Talking of post-Roman Roman emperors has a touch of paradox about it, which is not dispelled by the squabbles between a Greek-speaking ruler based in Constantinople and a Frankish ruler who seldom actually visited Rome over who was the rightful heir to the Roman legacy. Indeed there is a related paradox at the heart of this letter. Basil did not think that the Romans were an ethnic group at all – and yet he nevertheless defined the Roman Empire in ethnic terms, in that it was defined against ethnicity. Louis by contrast lived in an entirely ethnicised world, and yet did not view the Roman Empire as defined by a relationship to ethnicity. This was the empire of God, Who had created all the gentes.

Basil to be sure had the greater weight of continuity on his side, since his arguments resonated with older Roman conceptions of identity. But Louis’s arguments made good sense of the facts on the ground, so to speak.  And proof of how convincing Louis’s arguments were is perhaps provided by the letter’s authorship. The letter was of course written in Louis’s name, and we may assume that he agreed with its sentiments. But Louis had naturally outsourced the actual drafting to someone else, in this case probably a prominent cleric called Anastasius the Librarian. Anastasius was highly educated and had experience of the Greek court, so he was an obvious choice. But Anastasius was not himself Frankish: he was Roman, from an important family of the city of Rome.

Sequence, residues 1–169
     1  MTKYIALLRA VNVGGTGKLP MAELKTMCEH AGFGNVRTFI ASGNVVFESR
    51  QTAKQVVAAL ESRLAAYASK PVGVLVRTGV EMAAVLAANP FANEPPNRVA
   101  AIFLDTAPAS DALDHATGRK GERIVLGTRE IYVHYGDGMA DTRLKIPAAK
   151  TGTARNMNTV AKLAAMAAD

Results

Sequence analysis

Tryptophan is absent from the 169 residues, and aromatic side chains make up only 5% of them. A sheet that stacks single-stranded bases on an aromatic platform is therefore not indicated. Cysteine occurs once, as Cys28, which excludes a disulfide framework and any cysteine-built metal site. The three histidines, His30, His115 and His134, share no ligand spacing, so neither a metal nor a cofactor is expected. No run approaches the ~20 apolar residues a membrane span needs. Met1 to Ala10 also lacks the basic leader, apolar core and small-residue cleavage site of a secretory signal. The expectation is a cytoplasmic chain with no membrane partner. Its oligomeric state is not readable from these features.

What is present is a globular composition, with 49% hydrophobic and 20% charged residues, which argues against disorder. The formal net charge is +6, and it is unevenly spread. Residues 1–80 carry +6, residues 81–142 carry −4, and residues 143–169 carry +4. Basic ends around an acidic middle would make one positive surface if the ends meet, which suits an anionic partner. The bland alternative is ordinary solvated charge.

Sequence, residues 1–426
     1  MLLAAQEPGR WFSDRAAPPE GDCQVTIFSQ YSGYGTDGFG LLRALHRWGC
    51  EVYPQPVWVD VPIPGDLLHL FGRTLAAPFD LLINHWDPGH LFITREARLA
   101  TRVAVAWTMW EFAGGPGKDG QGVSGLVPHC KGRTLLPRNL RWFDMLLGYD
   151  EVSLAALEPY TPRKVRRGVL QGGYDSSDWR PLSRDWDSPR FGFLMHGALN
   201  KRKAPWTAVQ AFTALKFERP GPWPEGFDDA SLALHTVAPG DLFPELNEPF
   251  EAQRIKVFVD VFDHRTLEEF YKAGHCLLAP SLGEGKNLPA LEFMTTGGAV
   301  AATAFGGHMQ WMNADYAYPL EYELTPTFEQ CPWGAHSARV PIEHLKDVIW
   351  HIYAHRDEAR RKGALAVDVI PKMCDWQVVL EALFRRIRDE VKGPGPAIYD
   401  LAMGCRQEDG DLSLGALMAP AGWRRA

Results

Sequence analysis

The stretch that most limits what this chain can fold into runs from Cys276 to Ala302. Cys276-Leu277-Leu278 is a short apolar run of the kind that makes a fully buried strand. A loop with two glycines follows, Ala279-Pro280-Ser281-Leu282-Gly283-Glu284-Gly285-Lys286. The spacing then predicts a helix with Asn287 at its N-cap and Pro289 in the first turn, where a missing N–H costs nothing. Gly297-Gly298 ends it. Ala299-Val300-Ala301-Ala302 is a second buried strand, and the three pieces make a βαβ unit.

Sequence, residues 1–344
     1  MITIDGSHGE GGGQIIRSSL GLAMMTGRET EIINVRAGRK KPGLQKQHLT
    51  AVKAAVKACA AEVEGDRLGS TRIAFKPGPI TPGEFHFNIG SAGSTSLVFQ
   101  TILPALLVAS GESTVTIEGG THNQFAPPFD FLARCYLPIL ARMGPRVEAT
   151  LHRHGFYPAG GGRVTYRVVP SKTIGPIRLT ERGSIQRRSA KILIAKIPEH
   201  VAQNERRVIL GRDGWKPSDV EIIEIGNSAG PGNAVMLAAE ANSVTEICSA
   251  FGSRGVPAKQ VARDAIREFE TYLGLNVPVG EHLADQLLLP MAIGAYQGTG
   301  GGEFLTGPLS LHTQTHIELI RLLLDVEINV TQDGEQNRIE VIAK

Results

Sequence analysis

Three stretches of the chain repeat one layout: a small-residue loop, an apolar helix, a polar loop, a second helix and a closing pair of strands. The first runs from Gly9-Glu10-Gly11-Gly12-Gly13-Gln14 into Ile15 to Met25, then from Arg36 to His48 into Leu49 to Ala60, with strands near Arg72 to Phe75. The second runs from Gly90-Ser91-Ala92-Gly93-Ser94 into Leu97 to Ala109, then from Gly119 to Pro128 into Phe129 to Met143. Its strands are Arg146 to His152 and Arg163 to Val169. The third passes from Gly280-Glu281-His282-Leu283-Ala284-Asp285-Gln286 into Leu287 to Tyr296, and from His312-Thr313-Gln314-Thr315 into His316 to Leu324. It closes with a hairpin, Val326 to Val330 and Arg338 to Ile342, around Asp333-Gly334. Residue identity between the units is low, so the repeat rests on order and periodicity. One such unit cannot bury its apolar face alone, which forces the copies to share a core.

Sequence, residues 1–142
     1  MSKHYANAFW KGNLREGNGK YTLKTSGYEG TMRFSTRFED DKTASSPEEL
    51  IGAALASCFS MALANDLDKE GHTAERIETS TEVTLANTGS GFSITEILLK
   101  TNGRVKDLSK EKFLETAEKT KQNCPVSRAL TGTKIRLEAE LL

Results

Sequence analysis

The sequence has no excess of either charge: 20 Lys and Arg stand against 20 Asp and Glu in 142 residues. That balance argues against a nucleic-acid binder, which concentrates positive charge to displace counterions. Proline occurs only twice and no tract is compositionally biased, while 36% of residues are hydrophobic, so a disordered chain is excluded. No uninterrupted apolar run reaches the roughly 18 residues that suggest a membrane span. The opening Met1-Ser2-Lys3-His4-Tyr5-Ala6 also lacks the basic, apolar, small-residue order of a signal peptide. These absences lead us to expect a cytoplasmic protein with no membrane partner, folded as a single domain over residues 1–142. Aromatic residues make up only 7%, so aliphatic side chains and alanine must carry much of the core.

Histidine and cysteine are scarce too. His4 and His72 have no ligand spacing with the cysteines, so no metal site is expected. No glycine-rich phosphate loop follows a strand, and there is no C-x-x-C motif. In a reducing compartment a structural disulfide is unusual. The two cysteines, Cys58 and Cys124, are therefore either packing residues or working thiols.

That such a figure, at the heart of the papal establishment, could elaborate the Frankish view of ethnicity – the simultaneous ethnicisation of Romanness and de-ethnicisation of empire – so conscientiously suggests that to some extent he had internalised it; that it was now the Roman view. By the late ninth century, Rome and the Byzantine world had indeed drifted very far apart.

Translation (pdf)Emperor Louis II of Italy to Emperor Basil I

*** Professor Berto has kindly brought to my attention his new English translation, Italian Carolingian historical and poetical texts, Pisa,  2016, which includes an English translation of Andreas of Bergamo’s chronicle as well as some poetical works (but does not include this text). 27.03.17 ****